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June 15, 2024
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Delegates Push for Global Access to clean cooking at Energy Conference

Participants at a global conference on how to reduce the world’s energy use are calling for universal access to clean cooking through government incentives and subsidies to unlock more private sector funds.

The Paris-based International Energy Agency’s 9th annual conference on energy efficiency brings together ministers, CEOs and thought leaders from around the world to discuss how to speed up progress on energy efficiency, which experts say can drastically reduce planet-warming emissions.

On the agenda is how to deliver affordable clean cooking, which involves using electricity, solar and other solutions instead of more polluting fuels like charcoal, wood and kerosene.

“There are many practical barriers to energy efficiency, and of course the barrier of the need for investment up front,” said Brian Motherway, head of IEA’s office of energy efficiency and inclusive transitions.

“The key to unlocking efficiency is in the hands of governments – strong, co-ordinated policies by governments will unlock finance and enable business and consumers to take the actions required to lower their bills.”

This year’s conference, which is being held in Nairobi, focuses on accelerating progress towards doubling energy efficiency progress by 2030 as agreed by governments at COP28.

Rashid Abdallah, the executive director of the Africa Energy Commission, said at a panel discussion on Tuesday that “clean cooking should be part of any energy policy” or socio-economic development plan.

Globally, around 2.3 billion people cook using solid biomass fuel – such as wood and charcoal – and kerosene. In Asia, 1.2 billion people lack access to clean cooking facilities, and in Africa, more than 900 million people use biomass as their primary energy source. These energy sources release harmful toxic fumes and smoke that leads to illnesses and deaths and contribute to climate change.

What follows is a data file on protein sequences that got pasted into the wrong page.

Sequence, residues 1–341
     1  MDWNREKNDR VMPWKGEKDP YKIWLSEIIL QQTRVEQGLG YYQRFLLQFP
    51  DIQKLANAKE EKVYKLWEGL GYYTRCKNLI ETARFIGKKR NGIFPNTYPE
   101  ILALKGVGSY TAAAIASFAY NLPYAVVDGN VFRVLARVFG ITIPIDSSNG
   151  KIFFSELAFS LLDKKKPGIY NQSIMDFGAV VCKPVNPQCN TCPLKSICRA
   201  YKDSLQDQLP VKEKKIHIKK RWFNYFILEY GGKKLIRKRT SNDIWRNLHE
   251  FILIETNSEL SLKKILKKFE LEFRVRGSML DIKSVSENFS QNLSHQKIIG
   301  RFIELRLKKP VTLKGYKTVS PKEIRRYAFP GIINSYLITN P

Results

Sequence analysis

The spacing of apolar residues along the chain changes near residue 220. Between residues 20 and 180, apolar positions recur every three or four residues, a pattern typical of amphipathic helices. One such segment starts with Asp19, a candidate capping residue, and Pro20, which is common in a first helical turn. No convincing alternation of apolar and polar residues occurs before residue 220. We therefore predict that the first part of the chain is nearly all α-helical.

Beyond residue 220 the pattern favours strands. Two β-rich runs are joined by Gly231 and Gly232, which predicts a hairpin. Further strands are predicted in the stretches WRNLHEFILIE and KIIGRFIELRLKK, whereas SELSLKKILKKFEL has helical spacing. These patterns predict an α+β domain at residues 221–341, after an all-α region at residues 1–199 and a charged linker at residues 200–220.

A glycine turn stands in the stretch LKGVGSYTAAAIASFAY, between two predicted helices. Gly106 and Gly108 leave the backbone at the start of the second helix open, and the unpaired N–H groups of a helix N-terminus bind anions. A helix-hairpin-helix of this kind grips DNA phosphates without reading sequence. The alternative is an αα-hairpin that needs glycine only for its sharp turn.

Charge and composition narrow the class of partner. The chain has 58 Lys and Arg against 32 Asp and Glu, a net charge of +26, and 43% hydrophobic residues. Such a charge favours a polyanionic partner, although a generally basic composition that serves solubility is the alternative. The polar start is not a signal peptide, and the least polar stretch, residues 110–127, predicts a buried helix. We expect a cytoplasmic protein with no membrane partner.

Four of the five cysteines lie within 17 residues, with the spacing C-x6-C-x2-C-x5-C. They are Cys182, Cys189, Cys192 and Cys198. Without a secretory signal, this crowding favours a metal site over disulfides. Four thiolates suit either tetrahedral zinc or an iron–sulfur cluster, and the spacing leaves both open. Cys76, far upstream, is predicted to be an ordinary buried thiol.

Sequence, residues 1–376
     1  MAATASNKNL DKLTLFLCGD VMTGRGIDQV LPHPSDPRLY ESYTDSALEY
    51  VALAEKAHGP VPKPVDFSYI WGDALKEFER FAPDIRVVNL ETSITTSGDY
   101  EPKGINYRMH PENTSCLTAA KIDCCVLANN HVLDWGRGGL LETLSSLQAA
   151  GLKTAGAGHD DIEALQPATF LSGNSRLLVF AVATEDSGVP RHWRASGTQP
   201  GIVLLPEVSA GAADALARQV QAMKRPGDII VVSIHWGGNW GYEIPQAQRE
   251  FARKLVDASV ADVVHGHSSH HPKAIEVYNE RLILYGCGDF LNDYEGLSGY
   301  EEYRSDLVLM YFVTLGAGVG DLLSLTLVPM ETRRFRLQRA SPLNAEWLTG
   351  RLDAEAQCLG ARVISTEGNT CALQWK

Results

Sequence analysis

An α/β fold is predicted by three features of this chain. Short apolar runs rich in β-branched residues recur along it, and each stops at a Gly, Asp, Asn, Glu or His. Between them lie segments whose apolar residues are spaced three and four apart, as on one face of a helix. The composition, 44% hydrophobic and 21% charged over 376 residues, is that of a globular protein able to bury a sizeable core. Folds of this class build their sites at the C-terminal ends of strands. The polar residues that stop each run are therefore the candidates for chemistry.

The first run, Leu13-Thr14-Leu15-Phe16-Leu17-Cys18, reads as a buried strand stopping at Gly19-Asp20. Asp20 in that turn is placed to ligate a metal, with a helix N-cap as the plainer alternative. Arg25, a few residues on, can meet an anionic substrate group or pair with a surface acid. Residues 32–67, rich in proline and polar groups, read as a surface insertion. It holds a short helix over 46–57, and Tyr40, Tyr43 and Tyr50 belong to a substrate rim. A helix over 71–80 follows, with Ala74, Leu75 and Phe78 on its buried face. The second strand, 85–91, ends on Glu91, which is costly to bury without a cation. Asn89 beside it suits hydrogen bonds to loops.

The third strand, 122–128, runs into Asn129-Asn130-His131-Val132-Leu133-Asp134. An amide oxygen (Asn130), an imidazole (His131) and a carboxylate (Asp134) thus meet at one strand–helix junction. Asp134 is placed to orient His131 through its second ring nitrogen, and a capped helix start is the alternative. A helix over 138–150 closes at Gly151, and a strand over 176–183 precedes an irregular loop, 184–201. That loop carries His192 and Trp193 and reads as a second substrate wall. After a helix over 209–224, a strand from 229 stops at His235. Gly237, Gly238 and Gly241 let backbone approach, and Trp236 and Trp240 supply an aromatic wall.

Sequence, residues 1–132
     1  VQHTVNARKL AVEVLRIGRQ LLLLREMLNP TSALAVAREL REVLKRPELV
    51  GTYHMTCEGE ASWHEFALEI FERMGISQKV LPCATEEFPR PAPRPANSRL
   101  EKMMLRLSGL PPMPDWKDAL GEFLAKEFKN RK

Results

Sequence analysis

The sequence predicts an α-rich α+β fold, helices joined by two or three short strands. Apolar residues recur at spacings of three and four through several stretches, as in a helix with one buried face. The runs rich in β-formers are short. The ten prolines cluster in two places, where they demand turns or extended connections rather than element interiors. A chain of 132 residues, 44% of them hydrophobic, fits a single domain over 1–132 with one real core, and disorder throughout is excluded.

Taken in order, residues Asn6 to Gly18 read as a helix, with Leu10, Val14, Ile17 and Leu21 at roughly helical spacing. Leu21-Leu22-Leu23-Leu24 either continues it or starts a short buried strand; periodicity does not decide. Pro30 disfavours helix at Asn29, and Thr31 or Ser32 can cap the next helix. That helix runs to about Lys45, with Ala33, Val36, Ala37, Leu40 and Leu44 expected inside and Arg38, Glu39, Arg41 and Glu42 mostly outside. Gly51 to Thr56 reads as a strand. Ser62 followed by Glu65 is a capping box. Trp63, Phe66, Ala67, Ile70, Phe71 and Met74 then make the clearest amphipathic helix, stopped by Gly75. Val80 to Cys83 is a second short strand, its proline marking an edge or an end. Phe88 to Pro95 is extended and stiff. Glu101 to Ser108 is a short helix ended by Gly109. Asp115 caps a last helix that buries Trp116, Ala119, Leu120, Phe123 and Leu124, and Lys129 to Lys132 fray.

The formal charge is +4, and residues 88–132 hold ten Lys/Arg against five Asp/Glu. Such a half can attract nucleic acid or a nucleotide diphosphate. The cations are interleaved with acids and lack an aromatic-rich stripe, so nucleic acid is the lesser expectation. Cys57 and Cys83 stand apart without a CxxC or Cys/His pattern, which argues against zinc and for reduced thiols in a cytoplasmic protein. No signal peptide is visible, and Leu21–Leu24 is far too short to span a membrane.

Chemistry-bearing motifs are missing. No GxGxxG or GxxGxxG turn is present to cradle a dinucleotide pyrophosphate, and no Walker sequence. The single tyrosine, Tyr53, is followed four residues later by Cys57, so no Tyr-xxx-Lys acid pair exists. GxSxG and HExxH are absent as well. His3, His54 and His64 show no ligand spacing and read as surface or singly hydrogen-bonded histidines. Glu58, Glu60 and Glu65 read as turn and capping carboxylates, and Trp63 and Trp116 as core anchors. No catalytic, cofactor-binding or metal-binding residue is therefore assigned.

There’s also evidence that household air pollution from cooking with dirty fuels can lead to diabetes and adverse pregnancy outcomes such as stillbirth and low birth weight, said Matt Shupler, a postdoctoral fellow at Harvard T.H. Chan School of Public Health. “There are many known health effects,” he said.

Cleaner alternatives include electric and ethanol cookers that emit fewer pollutants.

High prices are an obstacle to making clean, green and affordable cooking available to all, but positive trends are emerging in the sector, with investment in clean cooking enterprises surging to an all-time high of $215 million in 2022 and the number of clean cooking enterprises with revenue exceeding $1 million growing to 11 that same year, according to a report by the Clean Cooking Alliance.

Despite this progress, a huge capital gap remains in achieving universal access to clean cooking by 2030, as IEA estimates that $8 billion is needed annually as investment in clean cooking stoves, equipment and infrastructure to meet the goal.

One of the countries that has significantly scaled up affordable, high quality, clean cooking is Indonesia. In 2007 the government started implementing a program to transition its primary cooking fuel from kerosene to LPG.

The proportion of the population with access to clean cooking doubled from 40% in 2010 to 80% in 2018. Regulation and incentives have been key to the program’s success, said Dadan Kusdiana, Secretary-General of the Ministry of Energy and Mineral Resources Energy and Mineral Resources.

“What we do is to provide the energy with affordability,” he said at a panel discussion on Tuesday. “They need this kind of energy, but they can’t afford it at the commercial price.”

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